A controversial Chinese owned gemstone mining firm in Chitipa District has put 21 local chiefs on a monthly pay roll of K20 000 and has justified the payments as gifts symbolizing what it called “the chiefs good relationship with the company”.
Malawi government pays Group Village Headmen K10 000 per month and it means these Chitipa Chiefs are now carting home K30000 courtsey of this Chinese firm.
Despite, being billed as one of the sectors that could help boost the country’s economy by 20%, 2017 Extractive Industry Transparency Initiative (EITI) Report shows that the mining sector’s contribution to the Gross Domestic Products (GDP) and the economy in general is shrinking.
The Church and Society Program of CCAP in the Synod Livingstonia has discovered this practice by Ilomba Mining Company where 21 chiefs under Traditional Authority Mwawulambya are appearing on the mining company’s payroll.
The Chief’s soekperson Group Village Headman Chizale confirmed the extra pay, a development that gives credence to allegations that the company had been bribing locals to silence them from demanding the Chinese mining investor fulfils some of the corporate social responsibility he made before the commencement of operations.
Among other things the locals are demanding for the immediate construction of a clinic, an electric transformer, five boreholes, a teacher’s house and a graveled road from the mine to Kasisi turnoff before the expiry of the miner’s Licence by June 2020.
“Zhang gives us the money because he says he appreciate our role as leaders in our community, we tried to reject the money but he said as elders we had to receive it so that our relationship should continue growing from strength to strength,” GVH Chizale said.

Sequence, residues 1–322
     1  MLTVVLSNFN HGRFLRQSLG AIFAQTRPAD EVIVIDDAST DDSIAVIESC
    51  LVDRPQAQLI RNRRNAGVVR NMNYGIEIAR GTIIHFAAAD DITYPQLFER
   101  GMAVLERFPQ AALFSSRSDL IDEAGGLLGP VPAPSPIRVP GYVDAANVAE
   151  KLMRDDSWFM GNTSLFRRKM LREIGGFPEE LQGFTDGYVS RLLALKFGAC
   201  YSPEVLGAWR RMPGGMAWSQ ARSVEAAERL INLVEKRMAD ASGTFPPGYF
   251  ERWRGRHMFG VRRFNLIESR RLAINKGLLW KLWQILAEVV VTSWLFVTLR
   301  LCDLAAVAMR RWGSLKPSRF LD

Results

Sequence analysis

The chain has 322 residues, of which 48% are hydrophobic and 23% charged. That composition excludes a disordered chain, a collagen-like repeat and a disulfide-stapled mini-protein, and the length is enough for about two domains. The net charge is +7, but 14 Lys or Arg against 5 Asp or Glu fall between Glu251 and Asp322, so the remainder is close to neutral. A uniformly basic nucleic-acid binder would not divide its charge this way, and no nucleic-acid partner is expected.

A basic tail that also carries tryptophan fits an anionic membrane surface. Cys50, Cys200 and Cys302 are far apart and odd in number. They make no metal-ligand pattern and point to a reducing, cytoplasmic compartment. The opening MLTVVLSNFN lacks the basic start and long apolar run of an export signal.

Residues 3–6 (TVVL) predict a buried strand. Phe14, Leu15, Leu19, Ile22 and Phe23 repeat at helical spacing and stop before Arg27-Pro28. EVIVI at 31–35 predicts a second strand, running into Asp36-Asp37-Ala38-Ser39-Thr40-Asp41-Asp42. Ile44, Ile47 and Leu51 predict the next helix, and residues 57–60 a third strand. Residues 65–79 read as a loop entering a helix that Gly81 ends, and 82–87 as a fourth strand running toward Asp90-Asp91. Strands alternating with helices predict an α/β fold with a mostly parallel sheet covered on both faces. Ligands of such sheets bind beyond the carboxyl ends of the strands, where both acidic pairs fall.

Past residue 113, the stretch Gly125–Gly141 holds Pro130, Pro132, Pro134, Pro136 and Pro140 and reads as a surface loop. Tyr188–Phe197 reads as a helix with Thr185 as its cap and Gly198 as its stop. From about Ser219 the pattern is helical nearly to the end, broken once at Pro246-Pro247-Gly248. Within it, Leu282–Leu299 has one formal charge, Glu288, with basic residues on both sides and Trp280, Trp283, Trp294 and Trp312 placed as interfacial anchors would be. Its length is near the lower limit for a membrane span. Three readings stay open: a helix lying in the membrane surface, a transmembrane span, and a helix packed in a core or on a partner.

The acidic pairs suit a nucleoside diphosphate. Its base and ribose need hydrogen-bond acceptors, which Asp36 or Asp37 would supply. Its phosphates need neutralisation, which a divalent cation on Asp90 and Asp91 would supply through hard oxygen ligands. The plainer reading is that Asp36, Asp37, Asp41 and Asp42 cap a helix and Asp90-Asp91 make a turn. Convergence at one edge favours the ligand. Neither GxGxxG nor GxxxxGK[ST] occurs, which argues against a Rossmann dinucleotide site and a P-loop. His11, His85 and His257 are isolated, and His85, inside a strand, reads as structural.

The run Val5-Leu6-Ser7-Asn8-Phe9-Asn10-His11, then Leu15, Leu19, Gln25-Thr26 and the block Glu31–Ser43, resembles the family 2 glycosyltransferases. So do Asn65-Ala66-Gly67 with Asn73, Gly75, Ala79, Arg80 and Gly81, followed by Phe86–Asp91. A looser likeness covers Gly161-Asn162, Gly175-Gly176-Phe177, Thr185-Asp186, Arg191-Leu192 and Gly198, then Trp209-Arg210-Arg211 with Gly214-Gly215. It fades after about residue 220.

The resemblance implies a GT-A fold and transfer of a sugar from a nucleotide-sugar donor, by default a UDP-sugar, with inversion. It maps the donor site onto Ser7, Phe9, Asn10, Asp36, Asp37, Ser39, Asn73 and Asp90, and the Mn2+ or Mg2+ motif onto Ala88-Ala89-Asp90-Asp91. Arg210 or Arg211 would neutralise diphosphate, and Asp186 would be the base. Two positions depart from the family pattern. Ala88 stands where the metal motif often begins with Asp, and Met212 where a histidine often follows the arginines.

Part owner of the Company Jou Zhang said he saw nothing wrong in helping the local chiefs pocket a little something.
Church and Society Program Executive Director Moses Mkandawire said it is sad that the mining company is operating in the area without fulfilling some of the requirements like environmental impact assessment and corporate social responsibilities in relation with the rules governing the extractive industry worldwide.
“There are a number of emerging issues from the mine…we want to see them having a good relationship with the communities and also we tried to enquire whether there was an environmental impact assessment prior to the commencement of the mining activities,” Mkandawire said.
But Mkandawire did no comment on the alleged bribery by the Chinese firm disguised as ‘gifts’.
On December 20th 2019, under Civil Case Number 470, the company dragged to court Michael Mansewu, Kossam Munthali, Sydney Simwaka, SGVH Mbilima and T/A Kameme for various offences that led to the closure of business at its mine in Chitipa District a week before.
Meanwhile, the company has distanced itself from an impending lawsuit filed at the Mzuzu High Court where it is demanding compensation from Senior Chief Kameme and four others for loss of business and gemstones following running battles with locals.Follow and Subscribe Nyasa TV :